Oil prices dipped Tuesday as expectations dimmed of an OPEC agreement to reduce the cartel’s gushing of crude into the massively saturated global market by around a million barrels per day.
Prices were also hit as non-OPEC Russia confirmed it would not send a delegation to the Organization of the Petroleum Exporting Countries’ meeting in Vienna on Wednesday.
‘There is no need (to attend the meeting), OPEC should hold its meeting first,’ Russian energy minister Alexander Novak said Tuesday.
‘Sure, if there is a consensus and OPEC takes a decision, we will come to an agreement as quickly as possible,’ he added, though he did not specify a timeframe.
In late morning European trading, US benchmark West Texas Intermediate for delivery in January was down 73 cents a barrel to $46.35, in what market analyst Jasper Lawler at CMC Markets called ‘heebie-jeebies’ on the eve of the talks. Brent North Sea crude was down 0.72 cents to $47.52.
Analysts expect further falls if OPEC fails to agree on Wednesday its first joint output cut in eight years in an effort to reduce the global glut and so lift prices.
The group’s big players — Saudi Arabia, Iran and Iraq — disagree on what size cuts each member will make, and the cartel wants non-OPEC countries like Russia to reduce production too.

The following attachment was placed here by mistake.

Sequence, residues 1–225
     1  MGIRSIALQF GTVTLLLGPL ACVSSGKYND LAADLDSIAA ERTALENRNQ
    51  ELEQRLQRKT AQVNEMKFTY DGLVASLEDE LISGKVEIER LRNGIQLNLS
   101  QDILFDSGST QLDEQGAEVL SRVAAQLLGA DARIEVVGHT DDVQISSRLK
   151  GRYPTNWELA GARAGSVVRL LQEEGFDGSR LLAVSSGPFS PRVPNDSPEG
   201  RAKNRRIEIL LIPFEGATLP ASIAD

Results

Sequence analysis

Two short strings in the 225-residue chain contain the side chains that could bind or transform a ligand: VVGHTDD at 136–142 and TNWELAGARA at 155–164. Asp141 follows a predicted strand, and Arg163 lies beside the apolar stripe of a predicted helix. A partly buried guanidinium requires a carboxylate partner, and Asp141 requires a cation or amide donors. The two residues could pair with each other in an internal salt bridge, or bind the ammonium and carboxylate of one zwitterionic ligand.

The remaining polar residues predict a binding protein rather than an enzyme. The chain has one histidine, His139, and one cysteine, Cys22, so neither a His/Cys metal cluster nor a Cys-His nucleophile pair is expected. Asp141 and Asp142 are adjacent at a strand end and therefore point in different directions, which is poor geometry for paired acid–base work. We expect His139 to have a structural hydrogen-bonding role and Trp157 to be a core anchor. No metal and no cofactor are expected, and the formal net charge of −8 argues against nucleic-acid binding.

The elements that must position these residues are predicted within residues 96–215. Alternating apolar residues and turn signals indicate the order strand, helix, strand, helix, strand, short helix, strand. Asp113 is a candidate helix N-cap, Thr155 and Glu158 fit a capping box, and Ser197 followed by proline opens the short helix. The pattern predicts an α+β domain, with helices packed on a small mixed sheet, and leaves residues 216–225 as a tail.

Russia is currently pumping some 11 million barrels per day (bpd), a level not seen since Soviet days. Hit hard by the low price and Western sanctions, Moscow has said it is ready to freeze output but not to cut it.
While making life cheaper for consumers and businesses, two years of low prices have wreaked havoc with the public finances of OPEC member states, even in the wealthy Gulf states.
But Iraq and Iran, OPEC’s biggest producers after Saudi Arabia, on Monday continued to express objections to a proposal to cut up to 1.2 million bpd from October levels, Bloomberg News reported, citing an OPEC delegate.
In a 10-hour meeting, Iran said it might be ready to freeze production at about 200,000 barrels a day above its current output of around 3.975 million bpd, Bloomberg said.
Saudi Arabia hit back saying Tehran should freeze its production at just over 3.7 million bpd — more or less its current level.
Iran has consistently said it won’t cut production until it has reached pre-sanctions levels. It is also a fierce regional rival of Saudi Arabia, engaged in a proxy war in Yemen and backing different sides in Syria.
Iraq meanwhile has said it will cut output but that it is short of money needed to fight Islamic State extremists. It also disputes with OPEC the level of its current output.
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